Or maybe, 5 online tools a community manager should not live without. These are tools that I’ve grown accustomed to as they’ve grown in popularity and as of today, I can’t successfully do my job without. And, let’s not forget – I’m writing this from my point-of-view as a blogger (hence Google Notebook!). Here are the 5 (nay) 7 tools every community manager can make good use of in three categories – Organize, Communicate and Track.
And, the best part of Google Notebook is that it’s integrated into Google Bookmarks, so this becomes a great way to gather all those little websites that you track through your daily work. Google Notebook really shines when you’re a community blogger. It helps you throw into buckets all those little URLs you gather along the way. I use it to arrange my thoughts both for my personal blog (see picture below) or ideas for LinkedIn’s corporate blog.
Again a data monitoring and aggregation tool. Try searching your “company name” within Technorati or Google blog search. The resulting feed can then be “fed” to your Google Reader where you get the most timely mentions of the brand you’re monitoring.
A key role of the community manager is effective communication both internally (within an organization) and externally (to users). Now, when I started at LinkedIn there was an internal blog I tried blogging about topics that may be of interest. But it was rather cumbersome and I longed for a service that allowed not only me, but also for anybody within an organization to start a private discussion on professional topics of common interest with their colleagues.
Enter LinkedIn News.
3. LinkedIn News
By far, the best way I’ve found (feel free to share other options, and yes, I do work there as community evangelist) to share news articles that I think my colleagues may be interested in discussing. And, most importantly, it’s private.
Finally, blogs are by far the best way to maintain that all-important conversation with users in a public format. It’s great because its an open conversation that’s timely, relevant, search index optimized, and I could go on. I cannot stress the effectiveness of blogging as a web communication tool for community managers. If there’s a better way, let me know, by leaving a comment.
…and one more thing…
One of the greatest advancements in being a customer evangelist these days is the ability to respond to user requests sooner vs. later, thanks to the following 3 tools (there may be others) that enable real-time tracking or as close to it as possible.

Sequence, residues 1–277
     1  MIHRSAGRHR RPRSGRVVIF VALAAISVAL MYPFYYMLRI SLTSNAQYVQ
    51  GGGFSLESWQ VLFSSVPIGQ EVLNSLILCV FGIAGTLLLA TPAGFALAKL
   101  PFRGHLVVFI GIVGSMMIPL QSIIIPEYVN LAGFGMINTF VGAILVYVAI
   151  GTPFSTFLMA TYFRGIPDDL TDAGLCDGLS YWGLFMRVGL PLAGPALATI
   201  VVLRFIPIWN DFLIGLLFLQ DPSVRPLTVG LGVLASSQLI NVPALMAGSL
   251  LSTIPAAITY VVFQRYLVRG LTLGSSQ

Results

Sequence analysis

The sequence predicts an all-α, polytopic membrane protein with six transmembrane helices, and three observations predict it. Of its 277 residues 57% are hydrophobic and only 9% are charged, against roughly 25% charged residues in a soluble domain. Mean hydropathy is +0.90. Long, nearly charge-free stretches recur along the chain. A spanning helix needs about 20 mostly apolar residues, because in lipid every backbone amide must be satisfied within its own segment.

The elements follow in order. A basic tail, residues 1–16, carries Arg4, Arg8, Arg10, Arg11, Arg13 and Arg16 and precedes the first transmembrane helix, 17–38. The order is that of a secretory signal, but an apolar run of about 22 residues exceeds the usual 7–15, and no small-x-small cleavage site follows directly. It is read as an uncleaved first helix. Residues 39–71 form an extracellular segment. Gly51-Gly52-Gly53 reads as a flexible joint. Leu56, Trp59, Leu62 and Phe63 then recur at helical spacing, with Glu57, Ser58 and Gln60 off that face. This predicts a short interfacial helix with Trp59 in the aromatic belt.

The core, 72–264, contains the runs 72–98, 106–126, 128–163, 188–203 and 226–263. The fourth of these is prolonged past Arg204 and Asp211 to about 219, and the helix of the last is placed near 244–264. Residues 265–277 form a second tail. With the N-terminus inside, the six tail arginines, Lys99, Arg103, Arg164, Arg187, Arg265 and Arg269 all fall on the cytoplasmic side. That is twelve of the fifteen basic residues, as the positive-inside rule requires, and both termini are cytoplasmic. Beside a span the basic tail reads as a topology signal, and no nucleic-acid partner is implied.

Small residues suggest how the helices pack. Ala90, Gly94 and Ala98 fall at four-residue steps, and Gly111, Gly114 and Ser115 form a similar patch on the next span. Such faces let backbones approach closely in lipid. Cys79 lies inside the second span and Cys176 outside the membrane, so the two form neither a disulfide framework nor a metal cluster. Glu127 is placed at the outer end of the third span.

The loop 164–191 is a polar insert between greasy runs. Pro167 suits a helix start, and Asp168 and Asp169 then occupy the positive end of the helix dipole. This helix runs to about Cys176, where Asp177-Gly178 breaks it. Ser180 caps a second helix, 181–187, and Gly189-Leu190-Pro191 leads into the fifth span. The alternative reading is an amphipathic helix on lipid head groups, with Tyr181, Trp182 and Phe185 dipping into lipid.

I’ve mentioned before how easy it is these days to set up an email based tracking mechanism for keywords associated with your “company name” or brand. Google alerts allows you to set this up in 1 easy step. Check it out here. And, read more of my take on it here.
Good or Bad, this is probably the key impact on businesses that twitter has wrought. Twitter is a great way to communicate with users of your product/service. How do I do that, you may ask?
* Set up a tweetscan to monitor your brand (RSS or email)
* When users talk about your service – reach out to them and add them as friends. Just earlier today, John Boynton wrote how LinkedIn had helped him find a VP of Community candidate successfully and voila we’re now tracking each other on twitter!
Presenting a real time feed of all the various services you’re addicted to, it takes immediate gratification to the next level. Caution: It could be a time sink, but check out ways to prevent that from happening, below.
How can I use it for community management:
* Search & Track all mentions of your “company name”
* You can do that either (a) directly on Friendfeed, (b) through their desktop app AlertThingy and Twhirl (links below)
Now, many of you may complain that twitter and friendfeed are distractions. Now if you’re of the easily distracted kind there’s hope for you. Here are two simple ways to keep track of your usage/wastage of time with Twitter/Friendfeed vs. spending time on these sites.
3. The best browser time-management tool: Read more here
Again, this is NOT a comprehensive list. As community managers, do you have other tools you can’t live without. Leave a comment.